Alleged ransomware gang investigated by Moscow police

The gang made $25,000 in a month from victims who had to send SMS messages to unlock their PCs

Russian police are reportedly investigating a criminal gang that installed malicious "ransomware" programs on thousands of PCs and then forced victims to send SMS messages in order to unlock their PCs.

The scam has been ongoing and may have made Russian criminals millions of dollars, according to reports by Russian news agencies. Russian police seized computer equipment and detained a Russian "crime family" in connection with the crime, the ITAR-TASS News Agency reported Tuesday.

Russian-language reports say that 10 people are expected to be charged and that tens of thousands of Russian-language victims were hit by the scam, which also affected users in Ukraine, Belarus and Moldova.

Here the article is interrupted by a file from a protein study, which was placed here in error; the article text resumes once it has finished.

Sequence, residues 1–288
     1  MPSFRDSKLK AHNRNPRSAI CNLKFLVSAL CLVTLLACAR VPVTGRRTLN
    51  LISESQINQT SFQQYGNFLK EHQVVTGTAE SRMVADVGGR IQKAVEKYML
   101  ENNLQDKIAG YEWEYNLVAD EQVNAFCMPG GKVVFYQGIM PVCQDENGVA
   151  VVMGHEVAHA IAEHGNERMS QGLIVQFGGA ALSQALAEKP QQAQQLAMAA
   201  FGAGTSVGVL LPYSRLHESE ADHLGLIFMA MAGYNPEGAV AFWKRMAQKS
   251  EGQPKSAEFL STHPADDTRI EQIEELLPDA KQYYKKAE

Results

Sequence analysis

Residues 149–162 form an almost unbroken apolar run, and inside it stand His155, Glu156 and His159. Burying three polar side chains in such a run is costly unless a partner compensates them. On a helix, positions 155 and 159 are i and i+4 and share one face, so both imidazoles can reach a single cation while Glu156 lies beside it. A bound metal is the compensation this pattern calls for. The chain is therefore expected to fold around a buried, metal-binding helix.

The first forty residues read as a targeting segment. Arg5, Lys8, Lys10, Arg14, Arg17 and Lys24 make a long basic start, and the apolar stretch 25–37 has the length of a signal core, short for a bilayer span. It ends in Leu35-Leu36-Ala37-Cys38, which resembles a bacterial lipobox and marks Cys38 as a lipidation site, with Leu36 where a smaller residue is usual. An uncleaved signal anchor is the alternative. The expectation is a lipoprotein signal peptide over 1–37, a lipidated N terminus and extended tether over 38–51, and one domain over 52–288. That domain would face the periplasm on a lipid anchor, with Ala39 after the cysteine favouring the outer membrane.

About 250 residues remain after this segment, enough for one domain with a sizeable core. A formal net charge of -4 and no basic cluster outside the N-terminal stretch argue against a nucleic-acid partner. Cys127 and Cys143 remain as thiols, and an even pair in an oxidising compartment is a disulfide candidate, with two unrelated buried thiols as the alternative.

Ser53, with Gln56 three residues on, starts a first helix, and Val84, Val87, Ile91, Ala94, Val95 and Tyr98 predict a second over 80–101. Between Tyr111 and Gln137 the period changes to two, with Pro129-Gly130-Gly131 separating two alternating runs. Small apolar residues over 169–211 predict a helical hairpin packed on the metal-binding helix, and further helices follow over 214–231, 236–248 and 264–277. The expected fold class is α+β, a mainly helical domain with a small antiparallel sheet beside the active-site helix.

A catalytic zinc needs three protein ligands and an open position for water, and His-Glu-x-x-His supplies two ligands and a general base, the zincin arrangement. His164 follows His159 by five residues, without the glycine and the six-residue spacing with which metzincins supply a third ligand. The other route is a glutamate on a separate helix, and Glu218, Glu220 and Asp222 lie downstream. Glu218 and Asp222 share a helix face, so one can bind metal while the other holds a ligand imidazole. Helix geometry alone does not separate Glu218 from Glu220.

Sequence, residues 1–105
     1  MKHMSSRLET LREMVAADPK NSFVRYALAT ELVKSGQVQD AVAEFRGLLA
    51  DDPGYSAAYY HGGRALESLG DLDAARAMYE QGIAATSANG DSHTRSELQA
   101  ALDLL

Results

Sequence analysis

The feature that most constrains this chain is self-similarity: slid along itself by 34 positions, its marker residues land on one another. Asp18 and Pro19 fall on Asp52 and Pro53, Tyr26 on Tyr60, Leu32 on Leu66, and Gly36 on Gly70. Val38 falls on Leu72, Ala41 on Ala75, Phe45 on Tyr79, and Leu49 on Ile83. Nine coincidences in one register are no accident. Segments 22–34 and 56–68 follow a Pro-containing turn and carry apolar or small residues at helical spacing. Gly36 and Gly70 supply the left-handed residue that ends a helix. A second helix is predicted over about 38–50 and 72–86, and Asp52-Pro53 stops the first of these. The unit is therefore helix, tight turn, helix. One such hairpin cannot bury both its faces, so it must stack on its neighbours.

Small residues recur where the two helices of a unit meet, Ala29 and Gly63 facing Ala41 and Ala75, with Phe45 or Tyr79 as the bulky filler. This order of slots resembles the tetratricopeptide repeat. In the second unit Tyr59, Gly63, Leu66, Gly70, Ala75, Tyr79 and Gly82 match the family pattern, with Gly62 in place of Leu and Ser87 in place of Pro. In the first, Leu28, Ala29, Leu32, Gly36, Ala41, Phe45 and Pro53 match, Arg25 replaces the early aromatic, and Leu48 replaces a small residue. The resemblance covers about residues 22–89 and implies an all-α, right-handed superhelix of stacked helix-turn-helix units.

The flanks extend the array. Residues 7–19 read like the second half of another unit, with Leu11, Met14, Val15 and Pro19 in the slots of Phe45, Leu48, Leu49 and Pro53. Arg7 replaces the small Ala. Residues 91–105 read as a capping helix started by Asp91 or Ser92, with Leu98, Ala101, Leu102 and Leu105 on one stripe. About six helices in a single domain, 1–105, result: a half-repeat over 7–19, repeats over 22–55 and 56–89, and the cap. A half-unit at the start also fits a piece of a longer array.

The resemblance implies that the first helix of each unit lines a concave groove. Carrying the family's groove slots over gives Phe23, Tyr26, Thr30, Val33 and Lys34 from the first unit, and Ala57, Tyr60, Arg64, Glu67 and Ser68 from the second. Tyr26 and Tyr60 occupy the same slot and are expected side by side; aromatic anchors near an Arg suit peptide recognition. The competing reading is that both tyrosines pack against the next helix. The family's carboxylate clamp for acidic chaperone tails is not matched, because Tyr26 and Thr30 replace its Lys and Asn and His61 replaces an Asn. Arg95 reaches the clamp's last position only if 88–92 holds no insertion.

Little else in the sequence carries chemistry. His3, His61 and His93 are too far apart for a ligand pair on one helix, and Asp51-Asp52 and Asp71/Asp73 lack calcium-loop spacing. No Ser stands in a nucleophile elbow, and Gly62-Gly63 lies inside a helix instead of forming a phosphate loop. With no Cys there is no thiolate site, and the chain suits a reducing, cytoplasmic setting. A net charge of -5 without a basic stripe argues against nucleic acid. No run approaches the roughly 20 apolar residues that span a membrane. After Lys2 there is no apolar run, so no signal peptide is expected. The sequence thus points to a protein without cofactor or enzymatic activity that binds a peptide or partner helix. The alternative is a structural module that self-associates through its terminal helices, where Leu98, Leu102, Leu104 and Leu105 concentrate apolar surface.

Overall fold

The criminals reportedly used news sites to spread their malicious software, known as WinLock, which disables certain Windows components, rendering the PC unusable, and then displays pornographic images.

To unlock the code, victims must send SMS messages that cost between 300 rubles (US$9.72) and 1,000 rubles.

The scam is "very popular" in countries such as Russia at the moment, antivirus vendor Kaspersky Lab said in an e-mailed statement.

Security experts have tracked this type of software for more than a year now, but in most of the world it rarely shows up, according to Dave Marcus, director of McAfee Labs security research communications.

The software is not considered to be a very sophisticated threat, he said. "It's just locking your screen with a password you don't know, which is not that sophisticated when you get down to do."

Robert McMillan covers computer security and general technology breaking news for The IDG News Service. Follow Robert on Twitter at @bobmcmillan. Robert's e-mail address is robert_mcmillan@idg.com

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Robert McMillan

IDG News Service
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